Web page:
As time goes on, America tends to find ways to become “better” than many other countries, whether it is regarding technology, wealth, or medical resources. It is far from a secret that third world countries such as Liberia are not as well off as Americans. Many Africans are living with illnesses and are unable to access to medical attention, and even if they do, it is far from great service. Last year as Ebola made its way to America, everyone knew about it, and everyone was doing everything in their power to prevent it from spreading here, meanwhile, many were in Africa suffering from this disease, and receiving little medical attention. As the video clip stated, there was a magazine with a title named, “Ebola Vaccine At Least 50 White People Away” which seems absurd why does it take 50 white people to find this vaccine, when hundreds of “non-white” humans are suffering from this horrible illness. (Farmer, 2014).
After reading and watching the video for this week, it is clear “structural violence” is real, and a large issue today. Dr. Paul Farmer discussed the difference regarding treatment between how an American in America would be treated with Ebola, and how those in Africa are treated. In my opinion structural violence is basically like choosing who deserves something more based on how much he or she has. If an African has Ebola, it is just another day, and another person sent to quarantine, or another person treated poorly, such as a gunshot to the leg. But, when someone in America has Ebola, it is the headline in the news, and on every single magazine. Amy Goodman discussed that Ebola would not make it to America, and Dr. Farmer corrected her by stating that it could come to America, but would be stopped quickly. An American diagnosed with Ebola would not only be sent to a room alone, but they would be isolated and treated with the best care in the country until medical assistants have done everything they can do (Farmer, 2014).
When it comes down to a deadly disease, I think anyone and everyone should be treated the same, regardless of their skin color, country or number of dollar bills in their bank account. As I stated above, Dr. Farmer discussed how Ebola would be handled here, and that should be how it is handled everywhere.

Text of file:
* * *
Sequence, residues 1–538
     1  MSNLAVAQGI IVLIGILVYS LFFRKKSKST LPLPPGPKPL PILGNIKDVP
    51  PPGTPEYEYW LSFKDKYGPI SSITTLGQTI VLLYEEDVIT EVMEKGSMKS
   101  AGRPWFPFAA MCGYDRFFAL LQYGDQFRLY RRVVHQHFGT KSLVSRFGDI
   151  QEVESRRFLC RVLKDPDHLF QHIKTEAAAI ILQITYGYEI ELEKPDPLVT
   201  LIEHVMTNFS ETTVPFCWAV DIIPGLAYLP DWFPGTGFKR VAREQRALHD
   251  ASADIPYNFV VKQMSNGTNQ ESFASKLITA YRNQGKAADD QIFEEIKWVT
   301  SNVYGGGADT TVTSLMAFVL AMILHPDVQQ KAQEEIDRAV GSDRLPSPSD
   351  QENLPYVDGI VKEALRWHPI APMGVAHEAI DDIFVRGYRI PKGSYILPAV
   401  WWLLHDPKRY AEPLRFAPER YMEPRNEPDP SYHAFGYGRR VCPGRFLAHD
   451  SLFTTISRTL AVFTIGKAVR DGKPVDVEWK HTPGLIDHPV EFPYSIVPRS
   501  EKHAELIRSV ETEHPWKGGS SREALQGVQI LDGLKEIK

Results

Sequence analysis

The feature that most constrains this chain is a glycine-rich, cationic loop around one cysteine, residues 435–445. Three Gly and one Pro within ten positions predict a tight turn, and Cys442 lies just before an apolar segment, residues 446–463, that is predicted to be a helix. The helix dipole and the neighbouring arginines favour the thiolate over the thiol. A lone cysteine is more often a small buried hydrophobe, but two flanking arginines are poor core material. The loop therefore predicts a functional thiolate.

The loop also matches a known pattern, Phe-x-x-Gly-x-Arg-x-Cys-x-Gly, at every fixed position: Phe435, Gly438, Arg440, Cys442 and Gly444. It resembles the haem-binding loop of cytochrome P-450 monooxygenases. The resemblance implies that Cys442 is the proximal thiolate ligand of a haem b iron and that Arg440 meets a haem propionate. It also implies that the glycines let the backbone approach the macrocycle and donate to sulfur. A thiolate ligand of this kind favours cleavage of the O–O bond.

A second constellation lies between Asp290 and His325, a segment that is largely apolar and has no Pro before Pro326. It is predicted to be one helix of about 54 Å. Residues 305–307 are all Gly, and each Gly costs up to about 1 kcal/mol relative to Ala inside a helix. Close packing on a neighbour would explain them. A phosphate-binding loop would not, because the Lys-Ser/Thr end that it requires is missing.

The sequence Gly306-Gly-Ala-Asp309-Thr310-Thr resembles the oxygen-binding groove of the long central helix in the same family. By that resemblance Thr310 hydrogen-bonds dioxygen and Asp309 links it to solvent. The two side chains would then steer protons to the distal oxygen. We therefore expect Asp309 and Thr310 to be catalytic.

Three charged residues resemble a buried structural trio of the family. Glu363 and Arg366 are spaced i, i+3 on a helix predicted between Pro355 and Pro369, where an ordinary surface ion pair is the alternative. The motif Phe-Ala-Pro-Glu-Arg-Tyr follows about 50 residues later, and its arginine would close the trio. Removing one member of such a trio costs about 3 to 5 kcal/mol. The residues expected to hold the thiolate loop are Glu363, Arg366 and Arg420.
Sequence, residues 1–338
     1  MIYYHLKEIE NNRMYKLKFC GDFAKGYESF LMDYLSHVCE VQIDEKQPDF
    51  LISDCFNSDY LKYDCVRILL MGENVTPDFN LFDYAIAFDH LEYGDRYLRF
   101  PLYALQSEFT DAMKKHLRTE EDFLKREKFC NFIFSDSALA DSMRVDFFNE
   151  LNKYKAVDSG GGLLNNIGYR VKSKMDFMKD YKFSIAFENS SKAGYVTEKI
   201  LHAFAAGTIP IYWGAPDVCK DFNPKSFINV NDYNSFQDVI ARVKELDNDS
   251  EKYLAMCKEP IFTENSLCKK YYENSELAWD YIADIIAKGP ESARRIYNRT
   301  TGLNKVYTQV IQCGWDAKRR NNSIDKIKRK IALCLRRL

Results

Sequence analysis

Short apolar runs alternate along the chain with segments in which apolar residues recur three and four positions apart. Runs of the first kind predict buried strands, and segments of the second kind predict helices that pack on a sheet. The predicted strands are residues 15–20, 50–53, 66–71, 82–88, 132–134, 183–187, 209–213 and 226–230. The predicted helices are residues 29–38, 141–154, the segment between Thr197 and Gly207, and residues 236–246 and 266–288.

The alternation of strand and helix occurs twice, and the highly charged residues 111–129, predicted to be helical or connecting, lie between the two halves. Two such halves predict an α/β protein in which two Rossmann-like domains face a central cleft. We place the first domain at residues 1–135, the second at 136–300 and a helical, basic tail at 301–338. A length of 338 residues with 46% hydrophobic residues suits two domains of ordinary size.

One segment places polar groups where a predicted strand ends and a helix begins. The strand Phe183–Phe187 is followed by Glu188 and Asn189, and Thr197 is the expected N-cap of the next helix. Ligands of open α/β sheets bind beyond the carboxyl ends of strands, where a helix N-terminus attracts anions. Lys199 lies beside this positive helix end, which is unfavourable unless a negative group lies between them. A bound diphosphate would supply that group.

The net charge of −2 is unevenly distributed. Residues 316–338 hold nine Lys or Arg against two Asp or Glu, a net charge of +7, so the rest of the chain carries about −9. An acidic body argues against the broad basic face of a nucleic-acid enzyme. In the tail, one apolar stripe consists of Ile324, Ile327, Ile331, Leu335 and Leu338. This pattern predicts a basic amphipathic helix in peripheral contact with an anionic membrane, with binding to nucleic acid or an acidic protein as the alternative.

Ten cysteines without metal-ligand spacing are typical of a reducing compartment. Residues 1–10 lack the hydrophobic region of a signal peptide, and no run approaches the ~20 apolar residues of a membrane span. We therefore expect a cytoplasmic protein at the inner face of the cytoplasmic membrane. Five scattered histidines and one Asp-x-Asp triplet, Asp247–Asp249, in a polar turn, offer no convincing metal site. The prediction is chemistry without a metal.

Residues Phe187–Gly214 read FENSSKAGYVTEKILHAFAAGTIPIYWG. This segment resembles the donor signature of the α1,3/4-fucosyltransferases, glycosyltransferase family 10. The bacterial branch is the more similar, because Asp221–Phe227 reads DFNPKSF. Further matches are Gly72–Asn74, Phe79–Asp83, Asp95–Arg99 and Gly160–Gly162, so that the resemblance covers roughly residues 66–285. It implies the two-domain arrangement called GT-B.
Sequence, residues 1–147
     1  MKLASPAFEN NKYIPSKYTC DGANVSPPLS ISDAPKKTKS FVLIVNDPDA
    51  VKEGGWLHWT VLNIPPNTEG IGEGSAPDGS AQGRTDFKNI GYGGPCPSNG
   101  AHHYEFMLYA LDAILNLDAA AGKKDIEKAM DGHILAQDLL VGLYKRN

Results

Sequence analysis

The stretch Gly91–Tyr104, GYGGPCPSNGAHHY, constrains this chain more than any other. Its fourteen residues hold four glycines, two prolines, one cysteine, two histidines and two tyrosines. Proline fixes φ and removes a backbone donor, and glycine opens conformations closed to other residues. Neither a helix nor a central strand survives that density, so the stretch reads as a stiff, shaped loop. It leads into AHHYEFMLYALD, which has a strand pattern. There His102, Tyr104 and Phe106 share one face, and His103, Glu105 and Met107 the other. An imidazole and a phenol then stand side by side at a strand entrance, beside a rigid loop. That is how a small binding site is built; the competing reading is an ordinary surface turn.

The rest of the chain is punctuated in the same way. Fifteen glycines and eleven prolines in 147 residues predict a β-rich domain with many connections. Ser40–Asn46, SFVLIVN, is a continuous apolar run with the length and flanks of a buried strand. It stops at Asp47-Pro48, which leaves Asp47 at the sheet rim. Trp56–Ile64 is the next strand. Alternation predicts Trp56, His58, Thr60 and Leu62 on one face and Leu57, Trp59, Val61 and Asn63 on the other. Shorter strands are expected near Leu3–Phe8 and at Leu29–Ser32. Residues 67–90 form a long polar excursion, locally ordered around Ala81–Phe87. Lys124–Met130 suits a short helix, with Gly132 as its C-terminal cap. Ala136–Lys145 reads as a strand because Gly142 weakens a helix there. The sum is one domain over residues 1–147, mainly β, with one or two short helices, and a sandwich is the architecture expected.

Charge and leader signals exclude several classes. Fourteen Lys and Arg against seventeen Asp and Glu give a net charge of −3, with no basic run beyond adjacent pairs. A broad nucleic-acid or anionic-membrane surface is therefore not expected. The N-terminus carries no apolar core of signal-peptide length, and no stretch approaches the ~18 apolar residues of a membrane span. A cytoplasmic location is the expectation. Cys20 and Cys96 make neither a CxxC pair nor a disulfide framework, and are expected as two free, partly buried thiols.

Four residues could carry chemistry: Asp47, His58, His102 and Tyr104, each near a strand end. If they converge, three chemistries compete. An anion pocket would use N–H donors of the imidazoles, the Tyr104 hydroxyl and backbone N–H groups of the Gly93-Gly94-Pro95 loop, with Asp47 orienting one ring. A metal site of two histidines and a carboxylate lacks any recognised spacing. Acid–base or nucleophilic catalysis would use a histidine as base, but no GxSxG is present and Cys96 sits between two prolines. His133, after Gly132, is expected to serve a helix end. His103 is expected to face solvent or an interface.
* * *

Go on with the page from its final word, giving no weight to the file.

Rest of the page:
In an article I read, I was in awe of how different things are across the world, and how real ” Structural Violence” really is. A poor woman living in a literal dump, trampling over garbage to get to work each day. This woman was suffering from an illness, yet had no way to pay for treatment, she had no choice but to look to prostitution in order to make even the slightest bit of money. Soon, she passed away, and her daughter (age 10) quickly knew what her future entailed. She too, would also have to become a commercial sex slave in order to make any money at all. This job came as a two for one deal, she made small amounts of money, and acquired AIDS along with it.
Obviously this article had nothing to do with Ebola, but I found the issue of Structural Violence to be the most interesting aspect of this weeks lesson. As Americans, we are unaware of how lucky we are, and how different things are for those across the world. We have something as little as a cold, we go to the store and get cough syrup. We have the flu, we go to the doctor and get a prescription. We need money, we take out a loan, or get another job… It isn’t that easy for everyone. This young girls only choice of making it is selling her body, and welcoming AIDS with open arms, with most likely zero means of any form of medical attention for her disease. The article stated, she already knew what her future had in store for her, she was going to live just like her mom which meant she would become a prostitute, develop AIDS and continue making money in order to feed herself and family, and sooner or later she would die from aids just as her mother did.
O’Neil Jr, Edward. “Poverty, Structural Violence, and Racism in a World Out of Balance.” Project MUSE 3, no. 1 (2009): 115-38